Tone Control: The tone control switch (#40) was removed from the chassis and the two capacitors (#41) replaced. These capacitors were embedded in tar and are part of the tone control switch assembly. Once the ground connection and connection to the tone switch was unsoldered, the capacitors and their container (sealed in tar) could be removed as a unit. The outside insulating paper was removed and reused. New capacitors were installed (0.01uf and0.015uf/630 volts). A new wire lead was also installed since the existing wire was rubber covered and crumbling. The capacitors were covered with rosin to seal them and keep them in place.
Here is a photo of the completed chassis. The repairs are hard to spot!
Here is the above chassis view - the tube shields have not yet been installed.
Once all repairs had been made, it was time for a test. The power supply and speaker were plugged in. The radio was plugged into my 32 volt power supply. I connected an antenna wire to the antenna terminal, but did not expect any reception, at least initially. When power was applied, the radio came alive. There was a horrible squeal when the volume was advanced. I had to install a temporary tube shield on the type 75 detector/first audio to stop it. A quick check revealed that all filaments were lighted correctly and B+ was normal. When the volume was advanced, I was surprised to hear some static! When the tuning control was turned, the set actually was receiving a station! This meant that at least the oscillator circuit was working (but likely not at the correct frequency). I next attached a frequency counter to the cathode of the 36 tube. I found that the oscillator was running at 1.7mhz with the tuning cap at minimum - close to the correct frequency. But the reception was very weak, and there was no reception at the low end of the dial.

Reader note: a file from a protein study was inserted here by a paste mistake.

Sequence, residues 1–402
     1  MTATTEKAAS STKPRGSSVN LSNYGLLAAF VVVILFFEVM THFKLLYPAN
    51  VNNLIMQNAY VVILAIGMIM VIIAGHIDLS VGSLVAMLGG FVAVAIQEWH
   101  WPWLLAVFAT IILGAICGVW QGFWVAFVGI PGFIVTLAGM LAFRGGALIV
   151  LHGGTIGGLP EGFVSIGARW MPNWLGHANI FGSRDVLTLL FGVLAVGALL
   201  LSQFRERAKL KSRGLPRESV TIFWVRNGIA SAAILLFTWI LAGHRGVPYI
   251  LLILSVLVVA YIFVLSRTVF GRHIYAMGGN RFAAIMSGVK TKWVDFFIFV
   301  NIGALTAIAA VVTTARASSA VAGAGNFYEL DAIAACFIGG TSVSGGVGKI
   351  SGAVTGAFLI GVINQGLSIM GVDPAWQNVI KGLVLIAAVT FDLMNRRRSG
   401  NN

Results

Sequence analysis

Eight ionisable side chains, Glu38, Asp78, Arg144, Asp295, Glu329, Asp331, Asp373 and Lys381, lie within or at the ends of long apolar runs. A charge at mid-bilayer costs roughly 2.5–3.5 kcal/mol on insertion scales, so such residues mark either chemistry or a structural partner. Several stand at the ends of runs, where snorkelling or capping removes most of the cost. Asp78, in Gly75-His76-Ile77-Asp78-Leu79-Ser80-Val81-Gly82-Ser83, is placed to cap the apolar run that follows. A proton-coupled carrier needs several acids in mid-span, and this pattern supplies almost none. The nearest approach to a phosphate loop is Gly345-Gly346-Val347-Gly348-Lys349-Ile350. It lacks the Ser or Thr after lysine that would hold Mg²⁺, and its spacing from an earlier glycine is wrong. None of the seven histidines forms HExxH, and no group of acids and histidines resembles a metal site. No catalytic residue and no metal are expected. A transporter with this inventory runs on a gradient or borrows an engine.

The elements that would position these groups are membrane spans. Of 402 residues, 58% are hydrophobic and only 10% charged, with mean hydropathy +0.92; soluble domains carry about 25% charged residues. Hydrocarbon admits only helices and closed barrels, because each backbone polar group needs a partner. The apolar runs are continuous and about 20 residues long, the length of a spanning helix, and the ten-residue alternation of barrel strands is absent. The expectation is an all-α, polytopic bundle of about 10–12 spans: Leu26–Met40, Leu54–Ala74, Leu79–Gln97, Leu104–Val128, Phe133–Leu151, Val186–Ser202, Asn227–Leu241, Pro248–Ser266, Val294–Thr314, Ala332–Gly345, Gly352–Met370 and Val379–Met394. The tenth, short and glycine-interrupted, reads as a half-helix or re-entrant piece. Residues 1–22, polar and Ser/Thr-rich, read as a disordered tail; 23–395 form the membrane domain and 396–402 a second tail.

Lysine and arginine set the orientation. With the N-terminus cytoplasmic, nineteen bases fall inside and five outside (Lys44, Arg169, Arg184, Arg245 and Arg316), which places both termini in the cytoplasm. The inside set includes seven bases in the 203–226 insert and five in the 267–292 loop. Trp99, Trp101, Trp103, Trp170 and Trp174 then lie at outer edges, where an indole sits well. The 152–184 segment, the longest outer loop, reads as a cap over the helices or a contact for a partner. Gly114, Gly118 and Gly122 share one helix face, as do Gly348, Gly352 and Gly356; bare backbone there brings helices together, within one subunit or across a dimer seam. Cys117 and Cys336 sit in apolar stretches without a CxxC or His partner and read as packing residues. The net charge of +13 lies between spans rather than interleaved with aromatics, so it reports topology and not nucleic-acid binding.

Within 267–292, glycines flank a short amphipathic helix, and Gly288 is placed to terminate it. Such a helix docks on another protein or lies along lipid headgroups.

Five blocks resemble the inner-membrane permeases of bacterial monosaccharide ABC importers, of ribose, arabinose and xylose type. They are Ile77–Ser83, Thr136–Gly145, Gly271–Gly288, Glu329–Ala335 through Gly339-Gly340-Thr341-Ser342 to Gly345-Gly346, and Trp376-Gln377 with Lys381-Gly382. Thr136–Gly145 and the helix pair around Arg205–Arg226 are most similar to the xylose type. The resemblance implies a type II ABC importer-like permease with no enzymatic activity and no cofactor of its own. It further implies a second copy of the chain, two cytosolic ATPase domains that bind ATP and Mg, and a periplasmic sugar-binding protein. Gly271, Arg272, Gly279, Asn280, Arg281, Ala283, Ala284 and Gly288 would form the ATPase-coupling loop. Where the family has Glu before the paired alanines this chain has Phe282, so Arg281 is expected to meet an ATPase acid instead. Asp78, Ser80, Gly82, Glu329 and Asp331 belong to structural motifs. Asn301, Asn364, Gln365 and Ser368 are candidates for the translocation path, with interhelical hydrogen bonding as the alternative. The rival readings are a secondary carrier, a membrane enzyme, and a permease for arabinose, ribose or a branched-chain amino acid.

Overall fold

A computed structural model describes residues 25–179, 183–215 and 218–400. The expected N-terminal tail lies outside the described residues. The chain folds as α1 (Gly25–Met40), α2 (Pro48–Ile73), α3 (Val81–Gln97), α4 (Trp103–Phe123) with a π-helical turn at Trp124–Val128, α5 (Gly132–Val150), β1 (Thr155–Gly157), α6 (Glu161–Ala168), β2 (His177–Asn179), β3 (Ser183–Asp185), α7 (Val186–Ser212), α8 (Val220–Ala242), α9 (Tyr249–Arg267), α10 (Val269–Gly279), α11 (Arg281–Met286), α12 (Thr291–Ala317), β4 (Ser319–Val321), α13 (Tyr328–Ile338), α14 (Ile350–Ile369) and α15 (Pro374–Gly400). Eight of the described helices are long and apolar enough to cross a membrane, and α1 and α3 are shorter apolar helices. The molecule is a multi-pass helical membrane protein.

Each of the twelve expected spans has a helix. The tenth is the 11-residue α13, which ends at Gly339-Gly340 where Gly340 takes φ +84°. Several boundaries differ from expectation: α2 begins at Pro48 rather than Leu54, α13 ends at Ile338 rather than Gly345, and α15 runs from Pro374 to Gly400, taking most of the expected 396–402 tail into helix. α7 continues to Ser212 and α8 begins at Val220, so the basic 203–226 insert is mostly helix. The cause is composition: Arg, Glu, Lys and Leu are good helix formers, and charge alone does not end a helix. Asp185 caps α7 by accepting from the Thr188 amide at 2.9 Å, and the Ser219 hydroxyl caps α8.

Next, the IFs were aligned at 260kHz. Both peaked nicely, and were WAY OFF as found. After this, reception was much better. The stations were not coming in at the correct dial position. So I next tried adjusting the slug in the oscillator coil as well as the series padder until stations at the low end of the dial came in close to the correct frequency (I use an old Radio Shack DX440 digital radio to determine the frequency of any stations I find). I then adjusted the oscillator trimmer on the tuning capacitor until the stations on the high end of the dial come in close to correct. I repeated this exercise several times, and the result was that stations came in close to the dial markings on both ends of the dial, and the radio was quite sensitive. It even received a couple of stations on the police band (which has no adjustments). I could not hope that the replacement coil would track the dial scale as well as the original. Finally, the antenna and detector trimmers on the tuning capacitor were peaked at 1400khz.
The volume control worked OK, so the value must be correct even though it differs from the schematic.
I plan on leaving the radio as is until I can acquire a junker Philco 32, 89, or 19 chassis with a good oscillator coil, and if available, a bias resistor #52.
Photos of completed set below. Plays great! Sounds great!
I was able to purchase a junker parts chassis for a Philco 89 Code 123 on eBay for under $10. It yielded the missing oscillator coil as well as the wire wound bias resistor #52. The oscillator coil feedback winding was open, which is usual. But it is on the outside, and had only 26 turns. I rewound it with #36 enamel wire (the original was I think thinner and cotton covered). But since it is a feedback winding and not tuned, I figured it was not that critical. I also took the time to restore the oscillator coil wiring back to original using wire from the Philco 89. The result was that it worked well - the same as before, but is now more original! I'll keep the parts chassis as a source of Philco tube shields, bakelite block capacitors, and other parts for future repairs.